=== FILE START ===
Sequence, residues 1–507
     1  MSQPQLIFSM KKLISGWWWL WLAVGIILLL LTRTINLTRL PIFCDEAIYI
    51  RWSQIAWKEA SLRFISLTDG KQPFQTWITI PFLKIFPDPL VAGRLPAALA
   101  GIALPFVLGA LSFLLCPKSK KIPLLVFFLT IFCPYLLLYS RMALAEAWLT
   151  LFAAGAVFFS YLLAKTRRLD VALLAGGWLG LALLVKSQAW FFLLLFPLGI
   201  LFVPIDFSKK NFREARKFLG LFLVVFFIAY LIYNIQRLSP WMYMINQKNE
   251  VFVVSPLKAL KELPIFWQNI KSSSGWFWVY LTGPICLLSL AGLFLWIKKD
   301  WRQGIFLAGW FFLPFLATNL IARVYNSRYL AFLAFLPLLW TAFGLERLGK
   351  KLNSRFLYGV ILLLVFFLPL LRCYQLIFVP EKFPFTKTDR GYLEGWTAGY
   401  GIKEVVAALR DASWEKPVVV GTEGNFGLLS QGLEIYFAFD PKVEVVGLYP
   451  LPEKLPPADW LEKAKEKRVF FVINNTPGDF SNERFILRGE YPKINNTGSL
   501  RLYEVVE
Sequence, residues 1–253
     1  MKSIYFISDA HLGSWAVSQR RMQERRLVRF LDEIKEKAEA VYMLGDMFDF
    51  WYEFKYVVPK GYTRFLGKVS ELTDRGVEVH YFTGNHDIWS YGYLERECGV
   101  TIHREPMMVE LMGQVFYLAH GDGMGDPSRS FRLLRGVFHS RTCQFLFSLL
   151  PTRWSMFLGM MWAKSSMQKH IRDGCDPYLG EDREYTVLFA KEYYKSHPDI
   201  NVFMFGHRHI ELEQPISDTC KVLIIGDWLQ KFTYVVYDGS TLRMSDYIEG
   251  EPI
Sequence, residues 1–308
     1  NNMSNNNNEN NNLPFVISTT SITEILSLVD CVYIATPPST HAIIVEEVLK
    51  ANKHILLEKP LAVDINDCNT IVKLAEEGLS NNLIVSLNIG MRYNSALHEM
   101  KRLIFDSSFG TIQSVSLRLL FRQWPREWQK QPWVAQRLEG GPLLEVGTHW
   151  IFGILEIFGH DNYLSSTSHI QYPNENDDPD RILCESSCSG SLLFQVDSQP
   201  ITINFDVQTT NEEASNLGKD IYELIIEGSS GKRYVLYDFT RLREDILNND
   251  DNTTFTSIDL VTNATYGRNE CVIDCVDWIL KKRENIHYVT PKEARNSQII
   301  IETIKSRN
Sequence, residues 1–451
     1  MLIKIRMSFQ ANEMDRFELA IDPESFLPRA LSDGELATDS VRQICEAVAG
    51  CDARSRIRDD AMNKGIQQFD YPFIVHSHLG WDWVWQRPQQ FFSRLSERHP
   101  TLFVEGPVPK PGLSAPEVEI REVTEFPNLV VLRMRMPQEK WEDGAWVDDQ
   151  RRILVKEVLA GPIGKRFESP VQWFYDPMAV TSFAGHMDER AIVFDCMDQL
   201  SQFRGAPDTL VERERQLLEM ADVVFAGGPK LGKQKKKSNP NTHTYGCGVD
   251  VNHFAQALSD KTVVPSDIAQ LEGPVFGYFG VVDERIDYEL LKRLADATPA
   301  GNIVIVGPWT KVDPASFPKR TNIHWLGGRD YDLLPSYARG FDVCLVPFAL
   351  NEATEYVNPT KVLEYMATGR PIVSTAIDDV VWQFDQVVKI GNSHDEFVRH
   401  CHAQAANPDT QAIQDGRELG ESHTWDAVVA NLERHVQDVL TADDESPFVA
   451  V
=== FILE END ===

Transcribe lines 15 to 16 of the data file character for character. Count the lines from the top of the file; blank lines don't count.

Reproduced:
    51  WYEFKYVVPK GYTRFLGKVS ELTDRGVEVH YFTGNHDIWS YGYLERECGV
   101  TIHREPMMVE LMGQVFYLAH GDGMGDPSRS FRLLRGVFHS RTCQFLFSLL